Red Tide

In Florida, red tide is caused by a naturally-occuring marine plankton (microscopic algae) called Karenia brevis, abbreviated K. brevis. It is found most commonly in the Gulf of Mexico. K. brevis produces several types of neurotoxins, the most impactful of which are brevetoxins. Whether they are ingested or inhaled, brevetoxins can be extremely harmful to manatees and cause seizures that lead to drowning.

Since the recording of manatee deaths from red tide began in 1982, there have been extensive die-offs (more than 50 manatees) in 1996, 2003, 2005, 2006, 2007, 2013, 2016, 2017, 2018, and 2021.

If a manatee exposed to red tide can be moved out of the affected area by trained biologists and stabilized at a critical care facility, it is likely to recover. There are many manatees that would not be alive today if a boater or paddler had not called to report them.

You can do your part to help manatees suffering from red tide exposure by knowing the signs:

  • facial twitching
  • lethargy
  • swimming sideways in the water
  • inability to surface to breathe

If you see a manatee suffering from any of the above, please report it immediately to the Florida Fish and Wildlife Conservation Commission by calling 1-888-404-3922.

Two rescuers use a floatation device hold a manatee's head above water to help them breathe.

A flotation device is positioned under a manatee suffering from red tide, so the manatee can breathe. Red tide acts as a neurotoxin in manatees, giving them seizures that can result in drowning. Photo courtesy Tim Martell.

Despite its name, a red tide bloom may discolor the water red, green, or brown. While red tide “blooms”—in which the organism occurs at high concentrations—are not uncommon, they can be classified as a type of harmful algal bloom (HAB) due to their negative impact on the environment, marine life, and humans. In high concentrations, brevetoxins can harm or kill fish, birds, and marine mammals by impacting their central nervous systems. They can also negatively affect humans in our coastal communities by irritating the eyes, nose, and throat.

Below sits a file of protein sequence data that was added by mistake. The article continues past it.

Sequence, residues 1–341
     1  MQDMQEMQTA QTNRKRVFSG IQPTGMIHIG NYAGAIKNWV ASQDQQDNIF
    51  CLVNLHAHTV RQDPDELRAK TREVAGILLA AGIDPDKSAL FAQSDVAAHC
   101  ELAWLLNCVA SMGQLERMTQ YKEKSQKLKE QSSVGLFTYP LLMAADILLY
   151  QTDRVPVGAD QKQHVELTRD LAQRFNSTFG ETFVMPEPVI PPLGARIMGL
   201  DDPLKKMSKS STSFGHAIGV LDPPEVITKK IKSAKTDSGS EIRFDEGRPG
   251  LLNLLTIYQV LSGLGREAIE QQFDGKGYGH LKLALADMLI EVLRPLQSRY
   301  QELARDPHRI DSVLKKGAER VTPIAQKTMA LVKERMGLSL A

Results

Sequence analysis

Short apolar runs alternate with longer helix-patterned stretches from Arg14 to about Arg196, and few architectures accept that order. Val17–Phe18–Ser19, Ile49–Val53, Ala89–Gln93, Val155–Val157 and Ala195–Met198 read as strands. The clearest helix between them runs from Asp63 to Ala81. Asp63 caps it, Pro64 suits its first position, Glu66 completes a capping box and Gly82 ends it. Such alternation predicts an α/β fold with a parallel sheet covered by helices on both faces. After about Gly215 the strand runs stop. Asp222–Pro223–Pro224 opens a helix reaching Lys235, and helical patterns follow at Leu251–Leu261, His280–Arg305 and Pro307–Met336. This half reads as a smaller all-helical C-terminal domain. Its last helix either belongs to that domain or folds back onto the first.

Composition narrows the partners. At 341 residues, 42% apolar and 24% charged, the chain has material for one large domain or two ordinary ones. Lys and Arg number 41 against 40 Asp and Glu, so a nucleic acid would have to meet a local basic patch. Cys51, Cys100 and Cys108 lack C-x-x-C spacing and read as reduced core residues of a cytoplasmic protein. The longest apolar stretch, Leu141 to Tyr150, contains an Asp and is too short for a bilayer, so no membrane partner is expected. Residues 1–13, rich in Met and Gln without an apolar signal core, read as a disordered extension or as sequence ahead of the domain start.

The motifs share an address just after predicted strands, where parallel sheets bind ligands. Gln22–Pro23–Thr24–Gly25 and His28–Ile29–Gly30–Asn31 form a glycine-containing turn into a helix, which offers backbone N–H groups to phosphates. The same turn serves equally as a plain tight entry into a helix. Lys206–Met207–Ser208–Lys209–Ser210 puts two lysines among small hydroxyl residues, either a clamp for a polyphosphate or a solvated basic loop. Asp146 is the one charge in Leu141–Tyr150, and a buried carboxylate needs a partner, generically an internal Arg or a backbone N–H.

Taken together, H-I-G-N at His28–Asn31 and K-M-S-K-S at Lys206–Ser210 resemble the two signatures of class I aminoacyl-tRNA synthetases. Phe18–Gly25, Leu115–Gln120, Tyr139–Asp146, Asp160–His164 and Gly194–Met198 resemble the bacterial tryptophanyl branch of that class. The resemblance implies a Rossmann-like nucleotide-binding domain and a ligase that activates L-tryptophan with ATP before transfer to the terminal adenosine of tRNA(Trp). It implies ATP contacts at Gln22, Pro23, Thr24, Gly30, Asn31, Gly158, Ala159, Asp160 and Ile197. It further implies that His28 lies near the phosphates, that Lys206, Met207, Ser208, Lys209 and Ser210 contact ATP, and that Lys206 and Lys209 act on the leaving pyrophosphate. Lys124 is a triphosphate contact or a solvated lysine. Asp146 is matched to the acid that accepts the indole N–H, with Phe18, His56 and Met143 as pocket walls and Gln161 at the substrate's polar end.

Manatees can be harmed by ingesting and/or inhaling (breathing in) the brevetoxins produced by red tide organisms. In the case of ingestion, it might take several weeks of eating seagrass or taking in seawater contaminated by brevetoxins. Wave action can also easily break open K. brevis cells and release their toxins into the air, where they are then inhaled by manatees when they surface to breathe. In both instances, the brevetoxins can cause seizures and lead to drowning.

As is the case with other types of HABs, large blooms of red tide can reduce the amount of light penetration in the water and prevent the growth of seagrass, which is a primary food source for manatees. Although red tide is a natural phenomenon, its frequency, duration, and severity are worsened by large inputs of nitrogen and phosphorus into the ocean from man-made sources such as fertilizer and waste water.

To find out the current status of red tide in Florida, please see the Florida Fish and Wildlife Conservation Commission’s web page Red Tide Current Status and statewide map of the past eight days of red tide sampling. (links are external)